By Roberta Austin
Jun 16, 2009 - 12:44:29 PM

Carrie Manning is eating potato chips and having a hard time dealing with her mother’s recent death. As her friend Zoe says, Carrie has “mommy issues”. Carrie lived with her mother, Rose, the first twenty-seven years of thirty-seven. Even when she got out on her own, Carrie could not seem to find her way in the world. She has bounced from job to job, even selling out her interest in a truffle business that was truly starting to take off. She was engaged to a wonderful, supportive man, but cancelled the wedding three days before the big event. Amazingly, Howie is still her friend and has been there for her in her grief.





Carrie starts to investigate her roots, thinking that may help her move forward with her life. Her grandmother, a famous actress, is still alive, but was estranged from her daughter Rose, and thus granddaughter Carrie for years. Visits to a specialty library and a great-uncle set Carrie on a journey that explores Broadway and Manhattan of the 1950’s. The reasons why Rose left a life of luxury behind and raised Carrie in a small apartment in a bad neighborhood slowly come to light.

I am ashamed to say I have not yet read THE THREE MISS MARGARETS or the other two books in author Louise Shaffer’s acclaimed trilogy, but I will rectify that very soon. This current novel, SERENDIPITY, is a standalone story that looks at the complex relationships of mothers and daughters among other issues that will resonate with readers. The women in this multigenerational saga are strong, but are unlucky in love. They love too well, but unwisely.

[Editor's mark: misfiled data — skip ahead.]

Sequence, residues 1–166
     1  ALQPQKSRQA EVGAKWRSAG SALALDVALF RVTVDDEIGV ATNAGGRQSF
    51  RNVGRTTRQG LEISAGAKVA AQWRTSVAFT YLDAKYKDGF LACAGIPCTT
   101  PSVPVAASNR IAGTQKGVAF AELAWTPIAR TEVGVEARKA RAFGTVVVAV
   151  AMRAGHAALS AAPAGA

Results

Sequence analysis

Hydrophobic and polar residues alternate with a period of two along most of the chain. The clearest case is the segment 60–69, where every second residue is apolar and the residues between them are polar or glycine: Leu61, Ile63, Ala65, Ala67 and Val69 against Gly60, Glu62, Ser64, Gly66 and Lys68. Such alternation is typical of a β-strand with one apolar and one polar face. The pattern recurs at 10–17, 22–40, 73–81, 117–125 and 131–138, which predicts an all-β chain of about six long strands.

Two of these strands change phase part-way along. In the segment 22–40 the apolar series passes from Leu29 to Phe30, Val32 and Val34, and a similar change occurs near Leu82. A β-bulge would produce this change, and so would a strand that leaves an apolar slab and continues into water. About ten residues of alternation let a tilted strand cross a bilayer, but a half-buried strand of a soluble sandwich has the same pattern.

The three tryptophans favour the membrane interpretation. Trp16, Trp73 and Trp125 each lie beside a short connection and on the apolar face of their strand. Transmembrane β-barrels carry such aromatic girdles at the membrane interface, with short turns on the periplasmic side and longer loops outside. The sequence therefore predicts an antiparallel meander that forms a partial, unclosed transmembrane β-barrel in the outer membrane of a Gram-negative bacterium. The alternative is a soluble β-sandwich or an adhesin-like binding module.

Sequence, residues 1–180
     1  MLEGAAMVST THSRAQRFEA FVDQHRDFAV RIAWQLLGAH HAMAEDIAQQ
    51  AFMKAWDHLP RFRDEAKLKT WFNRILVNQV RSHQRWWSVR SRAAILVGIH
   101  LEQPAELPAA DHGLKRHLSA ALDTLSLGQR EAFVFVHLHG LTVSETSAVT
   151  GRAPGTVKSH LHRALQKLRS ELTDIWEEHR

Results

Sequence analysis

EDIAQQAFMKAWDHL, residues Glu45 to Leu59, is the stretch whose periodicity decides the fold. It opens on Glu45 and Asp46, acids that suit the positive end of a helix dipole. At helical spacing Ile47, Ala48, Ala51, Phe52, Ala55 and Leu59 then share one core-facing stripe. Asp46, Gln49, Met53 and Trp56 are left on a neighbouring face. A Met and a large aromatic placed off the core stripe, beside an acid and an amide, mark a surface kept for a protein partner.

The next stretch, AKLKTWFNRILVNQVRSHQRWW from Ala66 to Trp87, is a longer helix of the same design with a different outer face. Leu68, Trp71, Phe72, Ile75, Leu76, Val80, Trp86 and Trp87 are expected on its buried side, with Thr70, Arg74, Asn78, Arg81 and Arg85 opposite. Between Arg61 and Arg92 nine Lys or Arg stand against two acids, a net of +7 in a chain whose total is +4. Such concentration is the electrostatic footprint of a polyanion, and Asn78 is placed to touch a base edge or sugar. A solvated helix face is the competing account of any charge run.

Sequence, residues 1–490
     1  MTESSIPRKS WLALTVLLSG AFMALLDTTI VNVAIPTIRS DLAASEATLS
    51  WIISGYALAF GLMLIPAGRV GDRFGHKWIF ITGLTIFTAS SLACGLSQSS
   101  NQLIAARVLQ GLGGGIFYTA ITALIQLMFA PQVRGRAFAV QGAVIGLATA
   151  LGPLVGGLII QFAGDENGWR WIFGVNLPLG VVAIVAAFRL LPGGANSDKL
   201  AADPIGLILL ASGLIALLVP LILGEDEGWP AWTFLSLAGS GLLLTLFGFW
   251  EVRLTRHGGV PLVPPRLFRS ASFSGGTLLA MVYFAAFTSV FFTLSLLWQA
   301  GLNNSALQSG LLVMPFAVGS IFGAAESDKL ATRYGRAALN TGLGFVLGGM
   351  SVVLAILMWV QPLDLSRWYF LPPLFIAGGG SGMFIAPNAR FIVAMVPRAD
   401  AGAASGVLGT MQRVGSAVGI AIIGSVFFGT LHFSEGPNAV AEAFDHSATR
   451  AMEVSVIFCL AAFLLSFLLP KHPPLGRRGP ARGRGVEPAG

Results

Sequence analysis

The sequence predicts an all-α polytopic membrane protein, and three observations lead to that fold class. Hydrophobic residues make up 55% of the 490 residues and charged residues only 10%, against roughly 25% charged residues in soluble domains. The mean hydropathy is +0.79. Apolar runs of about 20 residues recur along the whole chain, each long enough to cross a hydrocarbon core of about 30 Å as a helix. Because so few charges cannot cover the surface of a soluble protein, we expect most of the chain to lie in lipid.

Before starting her writing career, Ms. Shaffer was an actress. She brings Manhattan to life for those of us who have not lived there and gives the reader a glimpse behind the Broadway scene.

My Webster’s New Collegiate Dictionary defines serendipity as “the faculty of finding valuable or agreeable things not sought for”. Carrie experiences this and so will the readers of this captivating tale.





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